Court Jury Procedure
- Level of Polarization This Method Can Handle
A law court or 'petit' jury (hereafter 'jury') is a randomly selected group of citizens of a country sworn in to participate in deliberation for the rendering of a verdict on behalf of the government.
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Problems and Purpose
The purpose of a jury is to deliberate and come up with a conclusion based on the evidence and witnesses provided. The jury exists to prevent “oppression by the government." Everyone is innocent until proven guilty, so it is not defendant’s job to prove innocence it is prosecution’s job to prove guilt. If it is not brought up the jury cannot just assume, they have to make their conclusion/verdict based on information provided. They cannot use their own judgments and opinions. In US, each selected juror goes through voir dire, “to say the truth”, to make sure that there are no links between jurors and people involved in the trial. So for example if a person who was preliminary selected to be part of jury will be disqualified or removed if they know the defendant or plaintiff. Lawyers usually want juries who are not legally educated, juries who don't know the legal systems are more easily manipulated. Furthermore jurors that have too much legal knowledge might be disqualified from participating.
Origins and Development
Juries can be taken as far back as ancient Greece where higher status citizens were expressing concerns for Athens youth because they thought Socrates were corrupting them. There were anywhere from six to 501 members of the jury.
In Great Britain in the 14th century a jury had to reach unanimous decision in criminal cases with 12 members. It was common to incarcerate the jury without food and water until verdict was reached. Jurors were prosecuted if later evidence demonstrated error in verdict.
In 1852 Lord Chief Justice Loke, developed choosing a jury as it is today. Nowadays, the United States is the number one in the world to use jurors for the court cases.
Participant Recruitment and Selection
US Constitution provides the 6th amendment which entitles citizens the right to a jury trial Juries must have 6-12 members, less than 6 is unconstitutional. In civil courts there are usually six members and in criminal courts there are usually twelve members. However, this number will differ from country to country and in different court structures. The jury is selected from different demographics to represent country, state or city.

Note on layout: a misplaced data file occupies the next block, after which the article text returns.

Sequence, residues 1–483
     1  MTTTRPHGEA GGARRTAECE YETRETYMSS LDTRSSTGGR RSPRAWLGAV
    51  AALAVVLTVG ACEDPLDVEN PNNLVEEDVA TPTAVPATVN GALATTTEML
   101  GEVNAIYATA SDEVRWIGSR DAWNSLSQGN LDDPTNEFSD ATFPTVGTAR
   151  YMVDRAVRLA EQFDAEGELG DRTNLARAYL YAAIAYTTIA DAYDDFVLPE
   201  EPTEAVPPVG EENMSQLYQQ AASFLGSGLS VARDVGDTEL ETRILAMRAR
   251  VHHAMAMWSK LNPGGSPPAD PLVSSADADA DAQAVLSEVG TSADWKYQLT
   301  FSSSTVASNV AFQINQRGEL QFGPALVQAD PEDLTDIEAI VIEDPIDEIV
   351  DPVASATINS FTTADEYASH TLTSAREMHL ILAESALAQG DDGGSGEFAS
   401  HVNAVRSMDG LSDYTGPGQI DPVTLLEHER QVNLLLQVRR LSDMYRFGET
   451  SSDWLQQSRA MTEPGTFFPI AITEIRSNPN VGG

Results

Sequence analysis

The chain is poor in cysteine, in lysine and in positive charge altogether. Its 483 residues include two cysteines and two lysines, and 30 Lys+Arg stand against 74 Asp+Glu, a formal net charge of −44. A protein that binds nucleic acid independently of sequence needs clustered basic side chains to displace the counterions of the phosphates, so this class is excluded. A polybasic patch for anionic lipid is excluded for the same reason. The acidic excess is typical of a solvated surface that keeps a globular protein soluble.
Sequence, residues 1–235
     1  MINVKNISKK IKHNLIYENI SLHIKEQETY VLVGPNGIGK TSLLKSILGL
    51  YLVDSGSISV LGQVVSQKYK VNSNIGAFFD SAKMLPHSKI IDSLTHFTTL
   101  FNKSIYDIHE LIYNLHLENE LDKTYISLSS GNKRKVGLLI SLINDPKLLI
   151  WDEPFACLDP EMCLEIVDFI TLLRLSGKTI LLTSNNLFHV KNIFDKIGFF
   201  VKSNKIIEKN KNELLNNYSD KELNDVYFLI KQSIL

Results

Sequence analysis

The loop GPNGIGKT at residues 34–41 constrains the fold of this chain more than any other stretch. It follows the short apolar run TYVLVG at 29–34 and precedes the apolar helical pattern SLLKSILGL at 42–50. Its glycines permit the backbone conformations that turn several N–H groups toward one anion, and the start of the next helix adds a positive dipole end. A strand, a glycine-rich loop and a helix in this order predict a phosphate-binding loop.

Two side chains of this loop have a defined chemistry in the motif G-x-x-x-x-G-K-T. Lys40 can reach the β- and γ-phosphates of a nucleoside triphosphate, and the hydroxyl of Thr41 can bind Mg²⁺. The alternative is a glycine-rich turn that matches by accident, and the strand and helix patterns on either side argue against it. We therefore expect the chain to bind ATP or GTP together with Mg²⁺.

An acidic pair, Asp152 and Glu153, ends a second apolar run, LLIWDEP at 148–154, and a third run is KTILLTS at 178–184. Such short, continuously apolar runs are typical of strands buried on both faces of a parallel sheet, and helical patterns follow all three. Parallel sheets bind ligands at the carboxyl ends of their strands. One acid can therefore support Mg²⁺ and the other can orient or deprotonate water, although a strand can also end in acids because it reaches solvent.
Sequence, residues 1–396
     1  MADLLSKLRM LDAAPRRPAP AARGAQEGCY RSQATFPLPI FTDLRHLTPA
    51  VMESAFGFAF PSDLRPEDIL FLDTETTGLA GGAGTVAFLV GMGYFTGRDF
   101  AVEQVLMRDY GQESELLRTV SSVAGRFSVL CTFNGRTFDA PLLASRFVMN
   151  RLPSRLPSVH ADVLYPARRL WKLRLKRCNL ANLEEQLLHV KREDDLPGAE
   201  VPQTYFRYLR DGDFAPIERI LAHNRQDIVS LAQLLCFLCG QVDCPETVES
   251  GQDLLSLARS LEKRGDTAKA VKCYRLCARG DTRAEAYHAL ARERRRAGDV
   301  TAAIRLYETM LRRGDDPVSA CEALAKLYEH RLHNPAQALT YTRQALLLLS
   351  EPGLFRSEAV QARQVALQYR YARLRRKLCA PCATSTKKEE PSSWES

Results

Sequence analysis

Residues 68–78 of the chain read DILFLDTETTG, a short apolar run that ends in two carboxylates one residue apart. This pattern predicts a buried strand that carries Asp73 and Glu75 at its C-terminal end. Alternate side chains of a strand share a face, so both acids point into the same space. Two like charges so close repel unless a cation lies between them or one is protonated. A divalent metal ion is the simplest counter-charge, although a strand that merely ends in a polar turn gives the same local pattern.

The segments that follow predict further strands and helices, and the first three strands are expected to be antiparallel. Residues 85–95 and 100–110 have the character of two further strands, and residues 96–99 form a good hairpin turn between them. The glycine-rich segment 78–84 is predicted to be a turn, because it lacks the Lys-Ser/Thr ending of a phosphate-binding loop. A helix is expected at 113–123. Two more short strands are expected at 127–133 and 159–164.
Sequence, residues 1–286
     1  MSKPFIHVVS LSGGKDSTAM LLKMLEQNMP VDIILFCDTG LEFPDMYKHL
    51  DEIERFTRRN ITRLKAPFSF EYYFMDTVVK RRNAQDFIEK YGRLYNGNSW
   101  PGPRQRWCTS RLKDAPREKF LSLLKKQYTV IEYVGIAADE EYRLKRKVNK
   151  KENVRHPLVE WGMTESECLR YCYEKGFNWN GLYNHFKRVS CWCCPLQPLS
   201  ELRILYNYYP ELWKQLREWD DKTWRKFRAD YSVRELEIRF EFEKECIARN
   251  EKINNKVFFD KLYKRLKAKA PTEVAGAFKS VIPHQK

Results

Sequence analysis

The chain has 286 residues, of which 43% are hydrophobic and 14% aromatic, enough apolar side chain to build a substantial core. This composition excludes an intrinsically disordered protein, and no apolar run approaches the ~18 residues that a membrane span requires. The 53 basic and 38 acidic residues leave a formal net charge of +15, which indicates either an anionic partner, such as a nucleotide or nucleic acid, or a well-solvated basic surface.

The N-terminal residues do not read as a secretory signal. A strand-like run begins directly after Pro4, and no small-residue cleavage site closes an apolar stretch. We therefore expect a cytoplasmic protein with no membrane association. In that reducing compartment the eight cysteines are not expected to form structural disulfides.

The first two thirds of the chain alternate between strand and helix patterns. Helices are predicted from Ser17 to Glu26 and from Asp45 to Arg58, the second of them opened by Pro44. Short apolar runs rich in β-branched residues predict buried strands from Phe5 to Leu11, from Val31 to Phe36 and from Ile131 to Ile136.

How it Works: Process, Interaction and Decision-Making
As Dr. John Gastil noted in his book, Political Communication and Deliberation, jurors do deliberate fairly well. Most of the deliberation happens in the court when jurors listen to evidence and witnesses. The assertion of self-deliberation then reestablishes in the jury room when jurors began to deliberate.
Robert Goodin an Australian philosopher documented that jurors start deliberating within as they watch a trial. So even before coming into the room to deliberate as a group they already have a pretty good idea of the verdict.
One of the findings about the jurors is that 90% of the time they already have deliberated and came up with the verdict as they process each evidence and witness on the spot.
There are two distinct deliberation processes, one is verdict driven and the other one is evidence driven. Good to say that most of the cases are evidence driven deliberation where the jury is actually taking piece by piece, evidence by evidence, and witness by witness to come to the conclusion. Where as in verdict driven, the deliberation views how many jurors have arrived at a verdict.
Influence, Outcomes, and Effects
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Analysis and Lessons Learned
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Bray, R. and Noble, A. (1978) Authoritarianism and Decisions of Mock Juries: Evidence of Jury Bias and Group Polarization. Journal of Personality and Social Psychology 36(12), pp. 1424-1430
Gastil, J., Deess, E.P., Weiser, P.J. and Simmons, C. (2010) The Jury and Democracy. New York: Oxford University Press.
Hans, V. and Vidmar, N. (1986) Judging the Jury. Plenham Press.
Hastie, R., Penrod, S. and Pennington, N. (2002) Inside the Jury. New Jersey: The Lawbook Exchange Ltd.